Mary is 85, originally from Ireland. I chat with Mary every time we meet on my daily walks around Castor Bay. She was born in 1936 to a Catholic family of eight children (Mary was number five after four boys). Mary’s mom had to find a job when her father died and she taught orphans in a monastery. She wanted to be a teacher, but eventually found a job in a large department store in Belfast where she met Mary’s dad. Mary’s dad was an active member of the IRA (as you would) and when the conflict with the United Kingdom 🇬🇧 monarchy (God Save the Queen) ended, he became a policeman.👮♂️ “Those days women lost their jobs when they got married”. Mary wanted to become a nurse 👩⚕️ so went to England to study “it was free because the English government wanted the Irish girls to become nurses”. After getting married, Mary and her husband immigrated to New Zealand when she was 22. Knowing how to use a typewriter, Mary found a an office job when arriving to New Zealand. Five years later she had three kids who all live here. “Life was simpler then”, she says. “You would grow your own veggies in the backyard”. People need to move to the countryside. She apologised for holding the ☔ umbrella to protect from the rain.
I was determined to photograph the gargoyles that guard the Notre Dame cathedral in the heart of Paris. My first attempt failed when the guard said no more visitors for the day. My second attempt failed because the guards went on strike! This photo was taken on my third attempt to see these stone-monster marvels! Some of the gargoyles laugh, one spits, others look bored, feed on prey or they grimace. Standing stoic and proud, these mythical birds and hybrid beasts are eerie witnesses to history. Catching a personal glimpse of these silent grotesque creatures was one of the highlights of my visit to Paris, and well worth the 387 steps climb to the top when the cathedral is restored and opens to the public again. This one is actually a Grotesque. Gargoyles are the ones that spout water from the roof. These awesome creatures were added during the reconstruction of the church in the 1840s. When the Nazis invaded the country during World War II, the gargoyles stood strong, withstanding a four-day German siege on the church. This print was awarded Bronze medal at the NZIPP Iris Awards!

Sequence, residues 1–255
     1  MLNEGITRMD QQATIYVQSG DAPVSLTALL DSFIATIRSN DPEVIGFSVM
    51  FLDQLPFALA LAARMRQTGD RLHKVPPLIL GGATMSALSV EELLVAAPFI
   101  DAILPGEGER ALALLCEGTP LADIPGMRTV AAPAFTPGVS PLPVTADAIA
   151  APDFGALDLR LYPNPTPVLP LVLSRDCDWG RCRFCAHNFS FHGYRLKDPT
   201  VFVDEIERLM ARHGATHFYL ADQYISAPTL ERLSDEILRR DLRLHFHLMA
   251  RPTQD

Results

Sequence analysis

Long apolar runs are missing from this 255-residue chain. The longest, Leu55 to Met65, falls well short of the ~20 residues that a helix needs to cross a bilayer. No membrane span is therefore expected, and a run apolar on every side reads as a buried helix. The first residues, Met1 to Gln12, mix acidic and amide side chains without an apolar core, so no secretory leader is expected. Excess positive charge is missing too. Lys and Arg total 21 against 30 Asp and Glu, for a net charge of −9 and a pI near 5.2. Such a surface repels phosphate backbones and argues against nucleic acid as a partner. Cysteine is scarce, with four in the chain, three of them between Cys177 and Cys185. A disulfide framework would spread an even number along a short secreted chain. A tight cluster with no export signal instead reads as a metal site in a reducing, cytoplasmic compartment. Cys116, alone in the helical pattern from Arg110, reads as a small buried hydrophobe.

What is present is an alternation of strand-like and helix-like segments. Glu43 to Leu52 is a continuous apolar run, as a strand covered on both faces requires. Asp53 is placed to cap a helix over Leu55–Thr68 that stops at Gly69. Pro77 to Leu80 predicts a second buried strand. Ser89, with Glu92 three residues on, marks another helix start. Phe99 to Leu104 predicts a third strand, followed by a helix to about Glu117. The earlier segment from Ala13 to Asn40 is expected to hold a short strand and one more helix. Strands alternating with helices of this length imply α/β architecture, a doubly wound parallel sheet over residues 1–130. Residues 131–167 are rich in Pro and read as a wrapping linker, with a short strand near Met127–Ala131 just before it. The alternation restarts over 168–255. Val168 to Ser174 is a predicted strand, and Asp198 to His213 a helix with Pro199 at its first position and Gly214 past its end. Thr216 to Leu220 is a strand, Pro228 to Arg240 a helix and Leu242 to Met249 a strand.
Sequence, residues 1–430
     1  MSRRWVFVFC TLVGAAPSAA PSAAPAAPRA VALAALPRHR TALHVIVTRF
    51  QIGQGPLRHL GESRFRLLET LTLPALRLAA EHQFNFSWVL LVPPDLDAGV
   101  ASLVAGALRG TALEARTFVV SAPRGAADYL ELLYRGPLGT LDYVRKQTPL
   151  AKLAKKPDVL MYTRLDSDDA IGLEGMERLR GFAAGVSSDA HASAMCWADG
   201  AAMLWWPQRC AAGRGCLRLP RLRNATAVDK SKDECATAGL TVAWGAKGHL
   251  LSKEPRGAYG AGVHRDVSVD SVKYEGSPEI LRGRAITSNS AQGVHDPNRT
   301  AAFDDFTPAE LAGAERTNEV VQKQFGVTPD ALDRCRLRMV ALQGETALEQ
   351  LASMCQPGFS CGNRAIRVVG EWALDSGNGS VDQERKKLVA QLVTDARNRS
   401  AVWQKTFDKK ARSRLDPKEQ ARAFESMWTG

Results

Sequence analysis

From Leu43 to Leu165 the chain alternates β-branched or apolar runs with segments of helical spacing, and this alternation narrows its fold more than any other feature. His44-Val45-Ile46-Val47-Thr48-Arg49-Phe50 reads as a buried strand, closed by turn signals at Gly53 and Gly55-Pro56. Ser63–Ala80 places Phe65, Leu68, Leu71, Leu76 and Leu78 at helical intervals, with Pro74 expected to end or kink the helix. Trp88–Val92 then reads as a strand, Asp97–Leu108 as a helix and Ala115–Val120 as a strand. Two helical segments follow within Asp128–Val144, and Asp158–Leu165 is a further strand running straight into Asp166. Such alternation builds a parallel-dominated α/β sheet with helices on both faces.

I struggled with identity,
I still do, but I’m learning.
I’ve always struggled with mental health issues and after going through multiple violent trauma and being Passed around a very flawed mental health system, a few years ago finally I got diagnosed with borderline personality disorder, which is 110% a completely misunderstood disorder to say the least.
It can affect multiple aspects of your life and is different for everyone who experiences it. For me, my sense of self and emotional control and thought patterns are mostly affected.
Which means I can be very reactive to situations, sometimes more than what’s accepted by others and always more than I wanted to.
My thoughts can get mixed up because there are too many, or I have one thought that does not leave my mind and it can become an obsession.
Knowing who I am as a person and what I want can also be challenging.
I teach children’s yoga and mindfulness as it was something that helped me when nothing else could and to hopefully set up our kids for an open minded self-accepting future with skills, tools and the ability to cope better with the roller coaster of our emotional stressful lives.
I like to model so I know exactly who to be at that moment.
I find it freeing, almost trapping myself in a ‘character’ or a ‘setting’ you could say.
For a short period of time I know what to do, who to be and how to do it.
I said yes to taking part in this display of beautiful women for the chance to feel like I am exactly who I am meant to be for a short period of time.
To empower other women to feel like they can be themselves not just for a short period of time but all of the time,
To feel beautiful and strong, ugly and weak, put together and messy all at the same time because that’s what life is and we should be so fucking proud of it.
You can’t have one without the other.
You may not be able to have everything you have ever wanted.
But you can have your own slice of perfection and that perfection is you.
‘Faces of Humanity‘ is a documentary collection with little or no changes to the actual scene. I asked people to look straight into my camera, so these are not candid photos. The strength of this series is in giving viewers a rare opportunity to connect with people in their natural environment. This diverse group of people serves as a timely reminder that, despite our many cultural differences, we can unite as a community through the power of photography.
This is a celebration of our shared values: hard work, the importance of family, and caring for each other as humans. I hope that through these photos viewers learn more about people with different backgrounds from around the world: Ruanda, Morocco, Tanzania, Cairo, Jerusalem and New Zealand. The show offers opportunities for people to contemplate, absorb, and increase their awareness of the complexities of human experience. Each photograph reveals an individual with a story that has shaped their life.